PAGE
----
With that, the Golden Knights won their fourth game in a row and now have 29 standings points, making for at least a slight cushion for the Pacific Division lead (the Kings are in action, but at 26 points, they’ll trail Vegas even if they manage a comeback win).

    Vegas probably wasn’t happy to see a three-goal lead dissolve, yet the Golden Knights just keep plugging away. They enjoyed a strong output from three forwards with plenty to prove in James Neal (one goal, one assist), William Karlsson (two goals), and Jonathan Marchessault (one goal and two assists). Both Neal and Karlsson are at 12 goals on the season now.

    The Golden Knights do have a bit to be concerned with, though, and that’s not limited to giving up the lead. Maxime Lagace “wasn’t feeling good” so he left the game for Malcolm Subban, while David Perron suffered an upper-body injury and did not return thanks to this questionable check:

    Even in defeat, Burns has to feel relief with this goal:

    Heck, even the Sharks seemed to wipe a little sweat off of their brows as the beastly blueliner finally scored.

    (Eh, Burns might need a few more goals to get people to stop complaining about his fantasy value. Sorry, Sharks.)

    Joe Thornton‘s two assists helped the Sharks secure a standings point, and now he sits alone at 12th all-time in assists, passing Joe Sakic.

    The Golden Knights continue to be one of the most heartening stories in the NHL, but even in grabbing the extra point, they’re only five ahead of the Sharks. Fighting off regression won’t be easy for the Golden Knights, yet they have incentive to push for some sort of home-ice advantage, as they improved to an impressive 9-1-0 in Vegas so far in their inaugural season.

    You never know how far a good run might take you, so don’t blame the Golden Knights for letting it ride.

    James O’Brien is a writer for Pro Hockey Talk on NBC Sports. Drop him a line at phtblog@nbcsports.com or follow him on Twitter @cyclelikesedins.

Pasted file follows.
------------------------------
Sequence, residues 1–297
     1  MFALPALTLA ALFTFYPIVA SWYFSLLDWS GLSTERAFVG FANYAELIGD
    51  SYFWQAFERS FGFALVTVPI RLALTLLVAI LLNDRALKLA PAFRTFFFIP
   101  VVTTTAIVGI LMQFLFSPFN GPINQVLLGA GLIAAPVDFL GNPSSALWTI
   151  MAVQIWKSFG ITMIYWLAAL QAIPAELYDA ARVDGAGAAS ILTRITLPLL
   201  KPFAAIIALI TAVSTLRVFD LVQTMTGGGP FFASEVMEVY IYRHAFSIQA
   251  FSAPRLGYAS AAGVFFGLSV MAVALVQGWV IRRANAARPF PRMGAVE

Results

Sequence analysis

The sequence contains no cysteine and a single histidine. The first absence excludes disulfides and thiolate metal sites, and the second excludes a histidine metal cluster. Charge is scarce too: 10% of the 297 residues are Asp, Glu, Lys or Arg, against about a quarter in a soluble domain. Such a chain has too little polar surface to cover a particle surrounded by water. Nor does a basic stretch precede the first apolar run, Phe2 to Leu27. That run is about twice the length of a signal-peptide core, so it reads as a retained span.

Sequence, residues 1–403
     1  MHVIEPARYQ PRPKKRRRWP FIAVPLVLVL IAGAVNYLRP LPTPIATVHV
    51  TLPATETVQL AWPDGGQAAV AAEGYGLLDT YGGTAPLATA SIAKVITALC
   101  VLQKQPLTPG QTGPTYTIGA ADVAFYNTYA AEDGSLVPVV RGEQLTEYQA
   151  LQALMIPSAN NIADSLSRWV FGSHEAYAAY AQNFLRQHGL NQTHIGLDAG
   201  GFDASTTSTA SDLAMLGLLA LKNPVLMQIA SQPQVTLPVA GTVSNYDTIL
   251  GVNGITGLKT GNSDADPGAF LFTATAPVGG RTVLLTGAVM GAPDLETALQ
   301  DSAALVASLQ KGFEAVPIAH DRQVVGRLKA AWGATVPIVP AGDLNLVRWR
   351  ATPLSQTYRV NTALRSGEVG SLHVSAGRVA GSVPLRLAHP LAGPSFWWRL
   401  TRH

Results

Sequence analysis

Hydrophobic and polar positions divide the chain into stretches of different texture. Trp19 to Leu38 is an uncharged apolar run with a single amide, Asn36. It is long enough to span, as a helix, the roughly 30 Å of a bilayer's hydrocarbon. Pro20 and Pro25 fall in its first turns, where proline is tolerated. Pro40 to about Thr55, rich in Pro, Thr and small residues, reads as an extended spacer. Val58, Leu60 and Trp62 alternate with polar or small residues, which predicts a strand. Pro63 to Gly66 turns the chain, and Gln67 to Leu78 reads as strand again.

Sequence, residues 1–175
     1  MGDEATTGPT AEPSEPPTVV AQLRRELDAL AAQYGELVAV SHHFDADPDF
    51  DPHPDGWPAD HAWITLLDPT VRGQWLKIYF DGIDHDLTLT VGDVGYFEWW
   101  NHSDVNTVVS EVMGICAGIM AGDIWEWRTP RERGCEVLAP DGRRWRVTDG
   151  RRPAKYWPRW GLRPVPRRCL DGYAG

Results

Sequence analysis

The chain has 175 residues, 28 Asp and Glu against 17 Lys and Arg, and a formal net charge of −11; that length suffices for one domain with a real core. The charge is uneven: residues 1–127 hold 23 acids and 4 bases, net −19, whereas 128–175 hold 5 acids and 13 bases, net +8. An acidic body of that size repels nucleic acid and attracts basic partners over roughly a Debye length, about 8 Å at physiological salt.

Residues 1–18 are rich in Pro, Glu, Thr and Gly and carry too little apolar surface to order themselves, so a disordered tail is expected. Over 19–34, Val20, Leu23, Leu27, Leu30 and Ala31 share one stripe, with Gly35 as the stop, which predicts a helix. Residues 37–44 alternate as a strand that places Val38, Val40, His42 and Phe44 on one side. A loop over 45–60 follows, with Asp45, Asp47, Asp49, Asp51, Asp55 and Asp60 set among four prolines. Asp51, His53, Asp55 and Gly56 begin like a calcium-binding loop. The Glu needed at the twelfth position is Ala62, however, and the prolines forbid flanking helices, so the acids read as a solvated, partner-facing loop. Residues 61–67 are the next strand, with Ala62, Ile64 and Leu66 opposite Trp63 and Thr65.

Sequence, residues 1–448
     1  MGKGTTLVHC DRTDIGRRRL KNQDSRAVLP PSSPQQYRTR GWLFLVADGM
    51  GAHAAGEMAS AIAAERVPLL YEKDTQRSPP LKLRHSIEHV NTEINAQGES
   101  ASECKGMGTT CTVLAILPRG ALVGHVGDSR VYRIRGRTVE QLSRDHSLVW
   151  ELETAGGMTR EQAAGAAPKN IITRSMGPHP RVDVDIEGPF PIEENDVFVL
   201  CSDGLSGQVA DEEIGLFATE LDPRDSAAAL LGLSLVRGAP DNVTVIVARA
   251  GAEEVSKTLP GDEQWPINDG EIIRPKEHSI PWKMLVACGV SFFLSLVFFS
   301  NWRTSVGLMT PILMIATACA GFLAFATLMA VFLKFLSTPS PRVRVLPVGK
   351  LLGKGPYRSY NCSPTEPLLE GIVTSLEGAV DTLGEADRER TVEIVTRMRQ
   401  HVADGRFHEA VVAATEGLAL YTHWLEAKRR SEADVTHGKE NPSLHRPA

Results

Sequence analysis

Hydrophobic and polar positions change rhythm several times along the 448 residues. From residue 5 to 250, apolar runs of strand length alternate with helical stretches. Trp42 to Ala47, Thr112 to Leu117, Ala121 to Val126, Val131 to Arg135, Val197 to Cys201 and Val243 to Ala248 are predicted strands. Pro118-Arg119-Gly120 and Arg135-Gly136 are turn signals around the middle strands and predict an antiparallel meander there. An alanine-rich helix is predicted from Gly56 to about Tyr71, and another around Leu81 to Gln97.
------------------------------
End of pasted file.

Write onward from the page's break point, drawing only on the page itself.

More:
Video: Devils’ Butcher with some razzle dazzle to set up Boyle

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    If you’re the type to get annoyed when college free agents soak up a lot of attention during the dog days of the hockey summer (Brandon Dubinsky is nodding), you were probably fed up with defenseman Will Butcher by the time he chose the New Jersey Devils as his destination.

    Well, at least the 22-year-old blueliner is backing up the hype, especially when it comes to setting up goals.

    Butcher’s 15th assist (and 17th point of the season) ranks as one of his best yet, as he totally baffled the Vancouver Canucks before setting up a Brian Boyle goal. You can watch that sweet helper in the video above this post’s headline.

    Speaking of Devils rookies, it seems like Nico Hischier is OK after this Alex Edler hit, but the Devils might be wise to keep an eye on the top pick of the 2017 NHL Draft, as this looked a little worrisome:

    Again, it seems like Hischier avoided injury, yet we shall see.

    There was also this big hit by Taylor Hall on rising Canucks forward Brock Boeser:

    The Devils ended up beating the Canucks 3-2 on Friday.

    James O’Brien is a writer for Pro Hockey Talk on NBC Sports. Drop him a line at phtblog@nbcsports.com or follow him on Twitter @cyclelikesedins.